The Arab Christians: From the Eastern Question to the Recent Political Situation of the Minorities
From Christian Communities in the Arab Middle East
© 1998 Oxford University Press
Reprinted by permission of Oxford University Press
6. Europe and the Eastern Question
To understand how Western influence increasingly spread into 'Arab-Ottoman' territory, we must undoubtedly start from the Capitulations.
The first Capitulations were treaties drawn up between a Western power and the Ottoman Empire, according to which, residents of the Empire from the Western State in question were granted certain trade advantages, various forms of legal and jurisdictional protection, as well as the protection of certain freedoms, including religious freedom. Such measures were in fact a revocation of Ottoman common law. The first occasion on which they were introduced was the signing of an agreement with the Republic of Venice, which became recognized as the protector of Franciscans in the Holy Land. They were to become very common in relations with France from 1535 onwards and extended to other European powers too. 8
In the wake of the Capitulations, France opened consulates in Lebanon, Syria, Palestine, Egypt, and later in Mesopotamia. In 1604 the Capitulations with France concerned the Holy Places and the protection of monks who served there, as well as French guardianship of the goods and property of the Catholic monks in Palestine. The Capitulations were renewed by the different regimes which followed in France and were also confirmed by the Treaty of Berlin (1878). At the same time, the Capitulations began to be influenced by strong supremacist tendencies, which took them out of their specific technical, and legal context, and gave them a stronger political connotation. Traders, missionaries, Western citizens living in the Empire, and soon Eastern Christians too, all found themselves placed under the protection of the French kings. Gradually a tradition of French protection of Eastern Christians was formed. King Louis XIV and King Louis XV of France were declared the protectors of all Roman Catholic clergy on Ottoman territory. In the middle of the eighteenth century France was recognized by the Holy See and by the European powers as the protector of Christians affiliated to Rome. In so many words, the Capitulations granted to France had come to mean 'the protection of Christians of the Ottoman Empire'. 9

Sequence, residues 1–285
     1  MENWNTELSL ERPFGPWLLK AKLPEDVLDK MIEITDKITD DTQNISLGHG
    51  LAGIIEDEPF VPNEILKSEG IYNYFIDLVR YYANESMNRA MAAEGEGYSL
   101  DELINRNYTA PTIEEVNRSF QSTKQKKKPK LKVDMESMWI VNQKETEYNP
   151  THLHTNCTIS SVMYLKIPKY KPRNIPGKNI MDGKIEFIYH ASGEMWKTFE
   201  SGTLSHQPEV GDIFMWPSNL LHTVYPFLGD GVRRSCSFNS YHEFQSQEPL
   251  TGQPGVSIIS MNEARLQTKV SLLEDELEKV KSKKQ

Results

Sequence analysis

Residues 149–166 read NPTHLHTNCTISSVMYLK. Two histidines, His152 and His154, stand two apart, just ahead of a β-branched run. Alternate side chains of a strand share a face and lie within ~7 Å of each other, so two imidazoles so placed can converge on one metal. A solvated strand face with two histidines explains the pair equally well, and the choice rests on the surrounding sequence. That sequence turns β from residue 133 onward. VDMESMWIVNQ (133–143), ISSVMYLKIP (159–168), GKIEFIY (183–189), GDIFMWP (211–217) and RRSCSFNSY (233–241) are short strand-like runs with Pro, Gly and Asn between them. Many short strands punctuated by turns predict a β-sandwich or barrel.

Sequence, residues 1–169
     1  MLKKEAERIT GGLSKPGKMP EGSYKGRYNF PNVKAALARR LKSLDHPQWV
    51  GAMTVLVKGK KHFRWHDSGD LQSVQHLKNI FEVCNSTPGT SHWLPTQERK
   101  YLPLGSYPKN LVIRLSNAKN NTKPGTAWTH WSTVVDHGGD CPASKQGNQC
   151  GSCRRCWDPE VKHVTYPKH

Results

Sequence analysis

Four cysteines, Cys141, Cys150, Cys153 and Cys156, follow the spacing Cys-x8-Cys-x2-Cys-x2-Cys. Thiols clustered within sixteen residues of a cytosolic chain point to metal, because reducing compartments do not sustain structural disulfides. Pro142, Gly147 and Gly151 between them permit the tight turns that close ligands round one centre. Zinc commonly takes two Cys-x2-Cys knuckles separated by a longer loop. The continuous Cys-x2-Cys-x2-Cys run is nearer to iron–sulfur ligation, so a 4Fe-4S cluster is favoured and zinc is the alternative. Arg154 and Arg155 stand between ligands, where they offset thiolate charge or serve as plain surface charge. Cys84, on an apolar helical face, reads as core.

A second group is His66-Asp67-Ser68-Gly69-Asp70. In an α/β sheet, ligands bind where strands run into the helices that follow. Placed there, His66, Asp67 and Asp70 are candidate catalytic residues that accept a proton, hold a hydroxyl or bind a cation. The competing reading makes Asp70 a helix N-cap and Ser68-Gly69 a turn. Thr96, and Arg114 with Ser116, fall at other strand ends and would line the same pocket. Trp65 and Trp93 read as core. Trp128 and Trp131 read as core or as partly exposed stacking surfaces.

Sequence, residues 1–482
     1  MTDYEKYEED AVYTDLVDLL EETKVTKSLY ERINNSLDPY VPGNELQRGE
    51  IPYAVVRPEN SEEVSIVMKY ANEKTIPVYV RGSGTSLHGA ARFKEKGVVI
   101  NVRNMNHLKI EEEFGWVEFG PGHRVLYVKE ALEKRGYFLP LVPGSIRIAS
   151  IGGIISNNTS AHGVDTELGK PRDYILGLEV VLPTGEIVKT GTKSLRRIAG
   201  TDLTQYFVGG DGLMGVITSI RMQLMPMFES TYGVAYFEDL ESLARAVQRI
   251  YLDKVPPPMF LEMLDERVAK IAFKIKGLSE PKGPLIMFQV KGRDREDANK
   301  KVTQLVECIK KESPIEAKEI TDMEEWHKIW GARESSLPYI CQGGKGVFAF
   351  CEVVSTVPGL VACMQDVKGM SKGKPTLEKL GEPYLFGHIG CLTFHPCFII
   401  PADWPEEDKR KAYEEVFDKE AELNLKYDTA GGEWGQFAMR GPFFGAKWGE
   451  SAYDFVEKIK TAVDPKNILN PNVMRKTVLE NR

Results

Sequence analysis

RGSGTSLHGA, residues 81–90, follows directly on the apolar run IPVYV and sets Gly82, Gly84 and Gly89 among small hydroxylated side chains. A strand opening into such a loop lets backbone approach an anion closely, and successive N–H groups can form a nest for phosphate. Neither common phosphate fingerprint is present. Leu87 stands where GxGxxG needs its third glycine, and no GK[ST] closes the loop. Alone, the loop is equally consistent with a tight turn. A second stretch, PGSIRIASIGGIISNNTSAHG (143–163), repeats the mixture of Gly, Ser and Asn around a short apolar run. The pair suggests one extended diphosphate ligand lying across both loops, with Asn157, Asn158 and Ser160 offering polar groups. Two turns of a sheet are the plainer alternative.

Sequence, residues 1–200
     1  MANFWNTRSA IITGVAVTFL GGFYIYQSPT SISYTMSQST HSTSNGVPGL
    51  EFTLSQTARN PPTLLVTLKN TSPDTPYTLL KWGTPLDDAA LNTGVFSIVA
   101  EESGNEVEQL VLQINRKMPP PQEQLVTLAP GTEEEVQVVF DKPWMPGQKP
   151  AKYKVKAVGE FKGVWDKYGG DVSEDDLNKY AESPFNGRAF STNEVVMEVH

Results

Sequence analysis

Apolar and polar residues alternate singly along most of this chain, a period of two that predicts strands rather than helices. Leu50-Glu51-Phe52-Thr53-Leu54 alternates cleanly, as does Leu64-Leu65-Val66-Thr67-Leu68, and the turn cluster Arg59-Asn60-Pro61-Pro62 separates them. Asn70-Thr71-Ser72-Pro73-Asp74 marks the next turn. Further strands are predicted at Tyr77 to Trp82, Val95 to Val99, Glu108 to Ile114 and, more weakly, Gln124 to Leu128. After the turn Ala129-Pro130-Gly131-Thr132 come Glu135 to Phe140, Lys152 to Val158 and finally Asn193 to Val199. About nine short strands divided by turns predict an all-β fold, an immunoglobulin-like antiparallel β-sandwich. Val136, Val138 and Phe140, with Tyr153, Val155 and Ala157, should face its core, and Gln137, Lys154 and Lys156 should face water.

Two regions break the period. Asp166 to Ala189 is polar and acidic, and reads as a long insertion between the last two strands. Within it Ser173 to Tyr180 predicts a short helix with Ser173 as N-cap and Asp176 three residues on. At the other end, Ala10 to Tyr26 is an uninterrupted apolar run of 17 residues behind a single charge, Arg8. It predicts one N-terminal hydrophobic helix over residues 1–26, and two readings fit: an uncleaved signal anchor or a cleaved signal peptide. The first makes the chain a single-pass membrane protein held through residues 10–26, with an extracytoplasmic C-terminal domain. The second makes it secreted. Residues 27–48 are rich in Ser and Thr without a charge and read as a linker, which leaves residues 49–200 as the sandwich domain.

Tsarist Russia had equally supremacist tendencies. However, unlike France the influence she was seeking to acquire in the East was primarily military. The Russian dream was to make ancient Byzantium the capital of an Orthodox vassal State of Russia. Russian troops launched into attack on the Crimea, where they settled (1711), and then annexed it (1784). Elsewhere, from the Caucasus to the Balkans that is, they fought against the Turks. An important aim was achieved in 1774 when, as victors over the Ottomans after a six-year war, the Russians obtained recognition as protectors of Christians. Article 16 of the treaty of Kucuk Qainarge (1774) made the Russian tsar the guarantor of commitments undertaken by the Sultan for the protection of the Christians of the Empire. The door was opened to Russian claims to take on the role of protectors of Orthodox Christians. In 1853 Nicholas I tried to obtain a protectorate over the Orthodox Christians of the Empire through a bilateral treaty signed with the Sultan. The Ottomans refused immediately. Europe also rose in defence against Russia's claims, however. The French and the British were worried by the Russian victories over the Ottoman Empire, by the annexation of part of Armenia (1828), and by her control of the Bosphorus. From then on they tried to thwart her plans, beginning with the Paris Conference of 1856, at which Russia temporarily renounced her claim to the protectorate of the Orthodox. In 1878 however, at the signing of St Stephen's treaty following a victorious war in the Balkans, the Russians obtained their much-desired protectorate from the Sultan. Again under French and British pressure they abandoned their ambitions in Berlin in 1878. From this moment up to the victory of Bolshevism, the tsars dedicated their efforts to the situation of the Greek Orthodox communities in the Ottoman Empire and showed particular interest in the city of Jerusalem.
Great Britain, unlike the Russians and French, had no Christian ' protégés ' to speak of. Her 'Arab policy' consisted of counteracting French influence, whether Egypt, the Lebanese Mountains, or in Syria. In Egypt the British set about preventing Paris's influence on Muhammad 'Ali and his son Ibrahim Pasha. London took over in Egypt as conqueror in 1882. In Syria she forced Ibrahim Pasha's troops, supported by France, to retreat, to save Turkey from defeat. During the mountain massacres of 1840 and 1860 in Mount Lebanon, she pitched the Druze against the Maronites, who were protected by France.
Transformed into political instruments and 'clientele', the Christians of the Arab world became cards to play in the contest between the European powers. The ultimate aim of the West's strategy was to dismember the Ottoman Empire.